One of the joys of no longer living in my rapidly deteriorating apartment building is no longer having to deal with neighbours on the edge of sanity. In my final days in my old place, I was entertained by a series of notices places on the public board. The first, by management, encouraged dog owners to not allow their animals to urinate by the front door. A reasonable request, I thought, but one that elicited all sorts of irrational commentary from the menagerie of pooch-toting weirdos who cluster in that particular hovel. Perhaps you can make out some of the vitriol:
While I’m showing off the low-res crappy photos taken from my smartphone, dig this great decal I saw on the side of a car:
A couple of weekends ago (Oct 3), I attended nuit blanche in Toronto. If you’ve never heard of it, it’s a magnificent free evening, inspired by similar events in Europe, in which, from 7pm till dawn, the entire city is turned into an art installation.
I arrived with my curmudgeon hat squarely fitted to my blockhead, and roundly enjoyed mocking some of the sillier things I saw. But I cannot deny that the overall experience was magnificent. There were literally hundreds of exhibits spanning the entire city, with unlikely venues like shopping malls, grocery stores, sidewalks, parking lots, corner stores, private homes and alleyways all transformed into glittering art galleries.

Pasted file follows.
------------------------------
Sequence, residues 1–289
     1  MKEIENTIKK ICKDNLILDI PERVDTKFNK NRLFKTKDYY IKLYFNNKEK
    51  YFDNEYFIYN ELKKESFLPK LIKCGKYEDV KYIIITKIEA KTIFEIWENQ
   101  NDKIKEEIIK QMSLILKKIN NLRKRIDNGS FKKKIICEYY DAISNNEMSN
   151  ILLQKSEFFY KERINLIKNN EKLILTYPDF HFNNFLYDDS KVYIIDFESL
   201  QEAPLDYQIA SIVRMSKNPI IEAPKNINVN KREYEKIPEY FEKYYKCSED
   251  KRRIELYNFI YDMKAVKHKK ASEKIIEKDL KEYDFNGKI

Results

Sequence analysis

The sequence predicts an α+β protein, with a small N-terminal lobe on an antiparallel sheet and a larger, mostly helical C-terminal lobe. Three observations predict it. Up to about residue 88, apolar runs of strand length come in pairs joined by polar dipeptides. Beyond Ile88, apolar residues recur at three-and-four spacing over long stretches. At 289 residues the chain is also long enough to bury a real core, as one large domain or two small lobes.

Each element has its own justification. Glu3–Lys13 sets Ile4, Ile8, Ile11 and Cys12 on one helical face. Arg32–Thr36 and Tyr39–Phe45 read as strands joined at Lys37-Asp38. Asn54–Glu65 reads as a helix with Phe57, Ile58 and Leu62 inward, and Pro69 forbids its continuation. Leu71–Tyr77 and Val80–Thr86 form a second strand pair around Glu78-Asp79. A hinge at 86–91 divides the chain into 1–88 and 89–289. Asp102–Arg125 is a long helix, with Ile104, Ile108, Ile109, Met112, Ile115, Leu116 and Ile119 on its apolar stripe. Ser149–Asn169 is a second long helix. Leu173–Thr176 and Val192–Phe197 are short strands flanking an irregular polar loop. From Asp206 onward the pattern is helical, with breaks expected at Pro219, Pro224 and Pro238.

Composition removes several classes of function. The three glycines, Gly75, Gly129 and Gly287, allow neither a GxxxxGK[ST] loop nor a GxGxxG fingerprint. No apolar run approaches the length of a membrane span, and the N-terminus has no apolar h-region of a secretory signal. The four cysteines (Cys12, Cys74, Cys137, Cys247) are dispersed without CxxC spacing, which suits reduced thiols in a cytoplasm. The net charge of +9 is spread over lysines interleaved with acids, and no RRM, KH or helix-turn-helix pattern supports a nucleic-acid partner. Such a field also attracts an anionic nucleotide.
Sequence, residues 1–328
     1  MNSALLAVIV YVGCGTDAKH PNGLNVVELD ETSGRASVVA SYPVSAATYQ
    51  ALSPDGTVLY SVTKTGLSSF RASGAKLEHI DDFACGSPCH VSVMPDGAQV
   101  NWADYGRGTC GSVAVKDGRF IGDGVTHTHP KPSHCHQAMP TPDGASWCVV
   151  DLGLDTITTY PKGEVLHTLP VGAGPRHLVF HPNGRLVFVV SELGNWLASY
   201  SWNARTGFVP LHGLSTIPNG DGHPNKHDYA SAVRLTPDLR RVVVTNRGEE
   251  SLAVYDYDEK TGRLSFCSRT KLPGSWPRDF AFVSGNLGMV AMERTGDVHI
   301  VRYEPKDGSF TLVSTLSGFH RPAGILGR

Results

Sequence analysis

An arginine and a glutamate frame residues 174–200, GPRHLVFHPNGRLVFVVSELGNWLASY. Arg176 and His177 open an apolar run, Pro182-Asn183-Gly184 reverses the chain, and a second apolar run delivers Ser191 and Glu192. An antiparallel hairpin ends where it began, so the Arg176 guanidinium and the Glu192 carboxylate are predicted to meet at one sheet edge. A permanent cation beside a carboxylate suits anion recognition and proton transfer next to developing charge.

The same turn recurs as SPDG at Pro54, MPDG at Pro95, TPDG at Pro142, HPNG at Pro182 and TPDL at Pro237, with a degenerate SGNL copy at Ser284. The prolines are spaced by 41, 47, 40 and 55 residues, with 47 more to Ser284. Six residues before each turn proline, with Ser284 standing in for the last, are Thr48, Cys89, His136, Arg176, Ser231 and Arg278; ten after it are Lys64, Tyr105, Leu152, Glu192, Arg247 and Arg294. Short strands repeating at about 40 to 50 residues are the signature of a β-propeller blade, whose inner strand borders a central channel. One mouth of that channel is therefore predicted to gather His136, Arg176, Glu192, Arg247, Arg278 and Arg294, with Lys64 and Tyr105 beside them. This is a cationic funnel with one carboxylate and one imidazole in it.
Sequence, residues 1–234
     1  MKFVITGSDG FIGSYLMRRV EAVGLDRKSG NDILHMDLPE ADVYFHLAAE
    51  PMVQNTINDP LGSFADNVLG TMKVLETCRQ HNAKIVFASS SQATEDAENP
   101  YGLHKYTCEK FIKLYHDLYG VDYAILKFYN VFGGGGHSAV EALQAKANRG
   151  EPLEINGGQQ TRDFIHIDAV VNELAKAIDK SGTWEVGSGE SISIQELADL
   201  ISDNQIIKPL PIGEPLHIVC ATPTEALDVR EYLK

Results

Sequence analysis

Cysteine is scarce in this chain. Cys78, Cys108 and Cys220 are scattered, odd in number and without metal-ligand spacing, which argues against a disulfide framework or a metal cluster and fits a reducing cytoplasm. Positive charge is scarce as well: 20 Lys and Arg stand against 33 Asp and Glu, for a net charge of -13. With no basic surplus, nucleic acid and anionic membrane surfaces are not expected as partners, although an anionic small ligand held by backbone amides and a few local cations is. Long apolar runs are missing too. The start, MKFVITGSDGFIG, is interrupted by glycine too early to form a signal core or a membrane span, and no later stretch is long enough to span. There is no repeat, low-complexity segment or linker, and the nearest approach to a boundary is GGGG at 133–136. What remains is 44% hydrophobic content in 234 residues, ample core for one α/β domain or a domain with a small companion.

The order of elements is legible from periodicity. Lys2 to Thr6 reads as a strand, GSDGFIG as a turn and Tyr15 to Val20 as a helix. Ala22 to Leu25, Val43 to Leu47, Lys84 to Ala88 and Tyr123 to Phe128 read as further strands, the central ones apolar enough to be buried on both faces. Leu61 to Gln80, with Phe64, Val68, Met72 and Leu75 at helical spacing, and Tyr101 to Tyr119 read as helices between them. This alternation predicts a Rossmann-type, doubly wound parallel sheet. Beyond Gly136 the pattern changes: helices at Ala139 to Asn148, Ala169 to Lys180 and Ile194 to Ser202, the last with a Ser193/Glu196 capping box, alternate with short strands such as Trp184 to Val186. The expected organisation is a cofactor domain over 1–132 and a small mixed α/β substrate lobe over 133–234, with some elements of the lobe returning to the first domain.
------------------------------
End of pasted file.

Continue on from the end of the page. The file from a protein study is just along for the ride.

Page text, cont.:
My voyage through the night was one dipped in surrealism, as if I was exploring some trippy parallel universe or post-Apocalyptic meta-world. I was particularly impressed by four experiences:
(1) a continuous awards show in which any passerby can step onto the stage and be heralded for being a star
(2) the Drake Hotel’s use of its wall to project audience Twitter tweets, sent to the hash tag “#bumpinyournuit”. The lag time was so great that I was not able to see my own tweet (“Boogers! Boogers!”) Instead, I give you two images of other people’s tweets:
(3) Something called “The Apology Project“, wherein a battalion of weirdos with paper bags on their heads bump into you and apologize profusely, in a display of classic Canadian passive aggression.
(4) “Dance of the Cranes“, in which two construction cranes atop growing skyscrapers dance a synchronized ballet to classical music, beneath glittering, mesmerizing moonlight.
There are some better photos of the Crane Dance here.
Overall, Nuit Blanche was a wonderful experience, made more so for the spectacle of seeing hundreds of thousands of people peacefully shuffling about Toronto in the wee hours, engaging in somewhat intellectual explorations, all for free.
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